THE BREXIT BRIEF

Today, the UK will file for divorce from the European Union. This is the worst setback ever for the process of European integration that started with a six-nation coal and steel community in 1952. Over the last 12 months, we have written extensively about the potential impact on the UK and the EU. Below, we summarise our key views in 10 bullets:

Brexit is inevitable. After the two-year read more

PRESIDENT TRUMP – A VIEW FROM ABROAD

The world is entering a period of heightened opportunities and risks. On balance, we expect the switch from political gridlock between the US Congress and the White House to results-oriented co-operation between a Republican majority in Congress and a Republican US President to yield serious pro-growth reforms that will outweigh the damage which Donald Trump’s protectionist inclinations, his “rule by Twitter” and his other unconventional traits may read more

BREXIT BASICS

Brexit will do some significant damage to the British economy. Greater London is the services capital of Europe. Today, companies take advantage of the great conveniences of Britain’s light-touch regulation, its competent administration, its deep pool of qualified labour and the English language to offer their services across Europe from a British base. That role will be somewhat diminished by a hard Brexit. Of course, Britain can read more

ITALY SAYS “NO” – HOW BAD COULD IT GET?

Brexit, Trump, Italy. For the third time within six months, a major political risk has materialised as Italian voters rejected Renzi’s constitutional reform by roughly 60% to 40%. That small Austria rebuffed its right-wing populists and chose a solidly pro-European candidate as its new figurehead president on the same day is no more than a consolation prize in this context.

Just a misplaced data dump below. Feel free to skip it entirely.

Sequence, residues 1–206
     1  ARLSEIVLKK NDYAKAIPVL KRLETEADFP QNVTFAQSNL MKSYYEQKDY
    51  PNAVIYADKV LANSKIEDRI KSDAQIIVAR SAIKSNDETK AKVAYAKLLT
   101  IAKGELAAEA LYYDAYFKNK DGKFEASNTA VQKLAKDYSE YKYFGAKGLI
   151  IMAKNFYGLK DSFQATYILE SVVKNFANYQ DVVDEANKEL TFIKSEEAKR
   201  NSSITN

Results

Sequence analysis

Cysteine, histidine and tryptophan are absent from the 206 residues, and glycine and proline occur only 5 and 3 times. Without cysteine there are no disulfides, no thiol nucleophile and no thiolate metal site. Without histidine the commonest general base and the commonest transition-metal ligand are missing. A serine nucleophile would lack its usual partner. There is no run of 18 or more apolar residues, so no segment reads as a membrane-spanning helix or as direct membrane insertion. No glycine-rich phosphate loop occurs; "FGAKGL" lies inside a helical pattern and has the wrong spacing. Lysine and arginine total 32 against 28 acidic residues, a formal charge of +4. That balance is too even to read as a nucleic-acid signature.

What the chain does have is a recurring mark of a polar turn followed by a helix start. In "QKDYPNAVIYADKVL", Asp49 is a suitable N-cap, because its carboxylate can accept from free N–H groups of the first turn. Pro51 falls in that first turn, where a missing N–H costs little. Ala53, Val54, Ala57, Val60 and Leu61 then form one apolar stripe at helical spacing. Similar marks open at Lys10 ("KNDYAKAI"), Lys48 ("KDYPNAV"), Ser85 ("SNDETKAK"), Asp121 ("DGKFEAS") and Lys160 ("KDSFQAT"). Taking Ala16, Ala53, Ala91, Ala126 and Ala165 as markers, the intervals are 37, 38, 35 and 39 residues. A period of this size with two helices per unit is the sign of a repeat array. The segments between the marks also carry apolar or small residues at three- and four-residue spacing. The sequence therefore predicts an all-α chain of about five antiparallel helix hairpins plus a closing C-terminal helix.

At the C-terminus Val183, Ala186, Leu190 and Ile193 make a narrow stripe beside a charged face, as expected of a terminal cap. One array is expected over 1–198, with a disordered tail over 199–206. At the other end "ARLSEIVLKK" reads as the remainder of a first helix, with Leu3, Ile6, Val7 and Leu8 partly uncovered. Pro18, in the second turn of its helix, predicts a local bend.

Italy has missed a splendid opportunity to reform read more

The Varoufakis effect – revisited

A few weeks ago, a fund manager called to tell me a weird story. At a conference he had attended a little earlier, the famous Yanis Varoufakis had loudly complained about me, accusing me of having “doctored data” to smear him. ‎Hmmh, I had not paid any attention to the musings of Varoufakis since he had moved from the Greek finance ministry to the global lecture circuit. read more

AFTER TRUMP: NOTES ON THE PERILS OF POPULISM

Populism, protectionism, nationalism and the erosion of the political middle ground: In Europe more so than in the US, some aspects of Donald Trump’s successful election campaign evoke memories of the dreadful 1930s. In this report, we ask how close the parallels are and what key risks we need to watch.

After the Brexit vote and the triumph of Trump, the echo of the early 1930s read more

President Trump

After the UK vote for Brexit on 23 June, Trump’s triumph this is the second major upset victory for anti-establishment populists in the Western world this year. It does not bode well for votes to come elsewhere, including some key votes in Europe. The echoes of the populism and protectionism of the late 1920s and 1930s are still faint, but they are now a little less faint read more

COPING WITH THE POLITICS OF ANGER

For better or worse, we are living in exciting times. Globalisation and rapid technological change are creating huge opportunities. However, the gains are not evenly distributed. The major winners are (i) the hundreds of million people in formerly closed and backwards economies who have been lifted out of extreme poverty in the last two decades on an unprecedented scale and (ii) those in the advanced world who read more

AFTER THE BREXIT SHOCK

KEY NEWS:
- British regret? Over 3 million people sign an online petition to the UK parliament to discuss a second referendum.

- UK Labour Party leader Jeremy Corbyn faces a leadership challenge after his particularly lacklustre pro-EU campaign.

- The Scottish National Party (SNP) wants to prepare for an independence referendum to keep Scotland in the EU without quite saying that they want to call it immediately.

- Ireland reports a surge in applications read more